Here is a little quandary for you: where does the plumbing in condemned houses go when the houses are torn down? What happens after all the rubble is hauled off and the lot has been filled in? What happens when a new home is built on that lot? Let's trace the line of pipes to their origins to answer these questions.
A Plumber Disconnects the Plumbing in the House
A plumber is hired to enter a condemned house. He or she disconnects all of the plumbing within the house and closes off the pipes underground. (Likewise, an electrician will do the same for the electricity, and a gas company agent for the gas.) Then the house is "safe" to demolish completely and the rubble carried away. As for all of the pipes and plumbing inside the house at the time of demolition, they are removed with the rubble.
The Pipes Are Now Underground
When an empty lot is filled in with dirt, the pipes that once fed into the condemned house are still there. They are now just underground, closed off, and waiting to enter an new house. The pipes leading to the city sewer are there, as well as the pipes that bring water into the new house from the city's water supply. Even though you cannot see them because they are buried, they are there.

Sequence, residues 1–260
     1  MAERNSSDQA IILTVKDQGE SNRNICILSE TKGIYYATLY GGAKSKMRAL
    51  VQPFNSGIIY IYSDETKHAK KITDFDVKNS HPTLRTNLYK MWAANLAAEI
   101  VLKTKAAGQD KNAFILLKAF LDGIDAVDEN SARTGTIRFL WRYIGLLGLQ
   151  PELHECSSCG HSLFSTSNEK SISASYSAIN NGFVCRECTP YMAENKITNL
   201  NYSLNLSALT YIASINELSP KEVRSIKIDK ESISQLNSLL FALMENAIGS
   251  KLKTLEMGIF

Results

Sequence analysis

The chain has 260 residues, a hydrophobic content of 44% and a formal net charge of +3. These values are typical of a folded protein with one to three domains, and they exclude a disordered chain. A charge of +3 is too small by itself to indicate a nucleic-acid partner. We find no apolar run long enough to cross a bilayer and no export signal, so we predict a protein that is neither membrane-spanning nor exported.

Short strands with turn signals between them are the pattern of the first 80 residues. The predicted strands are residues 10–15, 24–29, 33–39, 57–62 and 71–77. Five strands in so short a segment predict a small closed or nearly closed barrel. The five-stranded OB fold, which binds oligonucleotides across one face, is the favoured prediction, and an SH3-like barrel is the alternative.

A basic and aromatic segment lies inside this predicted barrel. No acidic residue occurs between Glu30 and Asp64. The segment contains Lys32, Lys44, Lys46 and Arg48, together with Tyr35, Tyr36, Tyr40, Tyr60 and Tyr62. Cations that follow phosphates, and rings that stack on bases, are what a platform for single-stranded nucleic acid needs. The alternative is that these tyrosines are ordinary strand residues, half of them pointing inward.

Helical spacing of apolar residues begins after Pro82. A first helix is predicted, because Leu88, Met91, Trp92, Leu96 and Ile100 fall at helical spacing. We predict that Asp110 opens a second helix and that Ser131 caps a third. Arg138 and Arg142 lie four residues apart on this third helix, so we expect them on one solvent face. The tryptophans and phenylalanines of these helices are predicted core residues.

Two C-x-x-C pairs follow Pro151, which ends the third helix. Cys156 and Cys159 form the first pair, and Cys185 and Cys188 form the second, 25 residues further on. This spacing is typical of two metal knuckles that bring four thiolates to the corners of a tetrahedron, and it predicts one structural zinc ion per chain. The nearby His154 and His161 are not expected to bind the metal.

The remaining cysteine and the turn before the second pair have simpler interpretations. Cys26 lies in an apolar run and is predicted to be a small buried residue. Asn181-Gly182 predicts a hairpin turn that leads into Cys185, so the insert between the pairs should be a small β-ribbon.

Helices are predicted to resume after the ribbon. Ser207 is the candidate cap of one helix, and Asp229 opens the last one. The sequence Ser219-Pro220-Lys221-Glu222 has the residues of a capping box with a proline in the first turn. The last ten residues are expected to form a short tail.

The Plumber Connects New Pipes
When a new home is built on this same lot, the new pipes in the new house are connected. The plumber who previously disconnected the plumbing in the condemned house now has the honor of connecting the city pipes to the new pipes in the new house. This plumber also provides information to the city about the whereabouts of the underground plumbing so that the construction contractors do not accidentally excavate the plumbing or strike it open and cause flooding.
Understanding the Differences of Building on a Fresh Lot versus a Condemned Lot
It is a slightly different process for building a new house on a fresh lot versus building a new house on a formerly condemned property. Quite often, as a new house and a new lot are built, the plumbing has to be installed right after excavation and before the frame of the house is built. There are no restrictions as to where the plumbing needs to go. On a formerly condemned lot, your new home has to take into consideration where the old plumbing lies so that your house's plumbing connects properly.